Super Bugs Cause Thousands of Deaths

So-called Super Bugs cause thousands of deaths and disfigurements every year. Public health officials are alarmed and in recent years MRSA alone was responsible for half of all skin infections treated in the North American emergency rooms.

In normal situations, like a cut finger or a scraped knee, the wound will heal on its own, but sometimes wounds become infected with bacteria causing more tissue damage.

Though the practice is uncommon in the United States, honey is successfully used elsewhere on wounds and burns that are unresponsive to other treatments. Honey has four main properties that help to kill and to exterminate bacteria. Honey is a supersaturated solution of sugar and contains very little water.

Applied to a wound, the honey acts like a sponge and draws fluid away from the infected wound, this helps to kill bacteria, which need liquid to grow. Honey is also very acidic, with a pH of between 3 and 4 killing bacteria naturally in this acidic environment. But if honey is diluted with bodily fluids from the wound, bacteria can grow again.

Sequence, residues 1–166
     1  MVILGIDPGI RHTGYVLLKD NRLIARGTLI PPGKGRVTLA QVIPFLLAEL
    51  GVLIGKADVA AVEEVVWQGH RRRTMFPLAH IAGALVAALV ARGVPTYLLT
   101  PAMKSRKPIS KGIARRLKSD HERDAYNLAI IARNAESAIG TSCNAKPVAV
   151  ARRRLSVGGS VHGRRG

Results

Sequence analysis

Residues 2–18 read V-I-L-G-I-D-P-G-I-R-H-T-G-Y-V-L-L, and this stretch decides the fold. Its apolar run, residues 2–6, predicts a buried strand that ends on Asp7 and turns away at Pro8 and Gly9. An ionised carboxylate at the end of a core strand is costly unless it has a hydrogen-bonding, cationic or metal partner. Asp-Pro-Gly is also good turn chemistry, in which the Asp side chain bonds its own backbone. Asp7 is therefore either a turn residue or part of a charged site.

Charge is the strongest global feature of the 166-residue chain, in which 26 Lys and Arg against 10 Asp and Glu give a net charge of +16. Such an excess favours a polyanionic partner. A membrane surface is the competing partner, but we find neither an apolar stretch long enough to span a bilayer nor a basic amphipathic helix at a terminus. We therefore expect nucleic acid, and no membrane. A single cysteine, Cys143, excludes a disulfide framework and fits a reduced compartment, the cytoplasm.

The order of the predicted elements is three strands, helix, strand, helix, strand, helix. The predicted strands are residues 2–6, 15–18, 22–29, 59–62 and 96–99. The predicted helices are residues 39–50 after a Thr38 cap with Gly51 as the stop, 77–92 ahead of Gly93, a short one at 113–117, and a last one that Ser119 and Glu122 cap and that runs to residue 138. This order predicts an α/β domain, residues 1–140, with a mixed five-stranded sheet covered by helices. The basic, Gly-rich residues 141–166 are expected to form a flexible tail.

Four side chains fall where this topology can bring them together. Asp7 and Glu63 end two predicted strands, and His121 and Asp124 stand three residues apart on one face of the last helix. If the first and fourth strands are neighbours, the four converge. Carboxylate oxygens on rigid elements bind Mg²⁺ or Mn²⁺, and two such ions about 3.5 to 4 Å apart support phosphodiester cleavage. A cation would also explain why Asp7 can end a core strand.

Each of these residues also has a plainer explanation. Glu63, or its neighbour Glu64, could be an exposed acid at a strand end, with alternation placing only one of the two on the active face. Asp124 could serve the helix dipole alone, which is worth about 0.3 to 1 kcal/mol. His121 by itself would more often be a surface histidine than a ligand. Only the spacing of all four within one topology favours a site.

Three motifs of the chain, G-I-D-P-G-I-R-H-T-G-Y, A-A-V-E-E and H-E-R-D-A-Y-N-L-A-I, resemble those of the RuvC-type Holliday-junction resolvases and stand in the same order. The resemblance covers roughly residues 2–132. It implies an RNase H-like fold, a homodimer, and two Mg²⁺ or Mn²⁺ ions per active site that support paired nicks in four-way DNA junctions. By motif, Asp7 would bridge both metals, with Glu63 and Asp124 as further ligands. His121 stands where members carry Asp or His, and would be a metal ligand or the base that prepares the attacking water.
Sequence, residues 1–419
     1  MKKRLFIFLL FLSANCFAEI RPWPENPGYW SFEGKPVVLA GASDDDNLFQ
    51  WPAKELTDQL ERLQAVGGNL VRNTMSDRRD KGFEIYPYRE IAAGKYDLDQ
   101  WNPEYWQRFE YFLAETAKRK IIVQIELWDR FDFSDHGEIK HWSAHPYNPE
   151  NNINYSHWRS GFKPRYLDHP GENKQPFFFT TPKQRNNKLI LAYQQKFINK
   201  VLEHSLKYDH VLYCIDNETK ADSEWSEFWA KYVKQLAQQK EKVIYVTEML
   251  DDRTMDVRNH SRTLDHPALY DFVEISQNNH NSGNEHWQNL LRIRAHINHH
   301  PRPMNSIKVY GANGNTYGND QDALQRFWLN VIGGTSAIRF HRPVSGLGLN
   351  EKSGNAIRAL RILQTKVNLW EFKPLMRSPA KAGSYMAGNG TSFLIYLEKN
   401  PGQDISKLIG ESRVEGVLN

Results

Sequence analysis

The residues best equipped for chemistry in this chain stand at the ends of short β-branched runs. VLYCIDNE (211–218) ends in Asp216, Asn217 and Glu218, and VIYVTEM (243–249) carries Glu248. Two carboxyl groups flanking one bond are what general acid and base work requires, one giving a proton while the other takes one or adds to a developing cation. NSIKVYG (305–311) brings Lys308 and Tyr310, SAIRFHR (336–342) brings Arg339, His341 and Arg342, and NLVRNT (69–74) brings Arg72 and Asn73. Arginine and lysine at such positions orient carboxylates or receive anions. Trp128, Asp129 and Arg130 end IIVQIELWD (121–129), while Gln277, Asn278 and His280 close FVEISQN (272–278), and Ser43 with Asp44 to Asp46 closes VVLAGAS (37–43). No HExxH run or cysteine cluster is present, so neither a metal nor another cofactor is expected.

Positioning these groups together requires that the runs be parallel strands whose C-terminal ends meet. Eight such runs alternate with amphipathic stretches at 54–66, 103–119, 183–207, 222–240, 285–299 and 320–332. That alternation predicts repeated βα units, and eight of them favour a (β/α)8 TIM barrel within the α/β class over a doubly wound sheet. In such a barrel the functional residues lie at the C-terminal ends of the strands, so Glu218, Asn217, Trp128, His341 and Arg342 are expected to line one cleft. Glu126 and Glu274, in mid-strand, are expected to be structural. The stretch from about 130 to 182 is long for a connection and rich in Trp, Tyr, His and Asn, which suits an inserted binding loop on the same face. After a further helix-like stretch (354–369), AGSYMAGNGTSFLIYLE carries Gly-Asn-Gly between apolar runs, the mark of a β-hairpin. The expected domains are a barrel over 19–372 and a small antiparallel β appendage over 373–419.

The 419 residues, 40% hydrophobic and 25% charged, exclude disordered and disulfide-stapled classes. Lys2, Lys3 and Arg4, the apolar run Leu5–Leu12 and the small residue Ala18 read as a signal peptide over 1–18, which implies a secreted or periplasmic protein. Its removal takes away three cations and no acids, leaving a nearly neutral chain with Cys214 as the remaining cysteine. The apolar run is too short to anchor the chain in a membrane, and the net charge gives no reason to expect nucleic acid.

However, when honey is diluted by these bodily fluids and the honey becomes less acidic, it encourages enzymes to become active and to produce hydrogen peroxide, an anti-microbial substance. The exact molecule responsible for this activity has not yet been identified but is known as the Unique Manuka Factor, a honey made from the flowers of the Manuka Tree (New Zealand) seems to be particularly powerful at killing bacteria.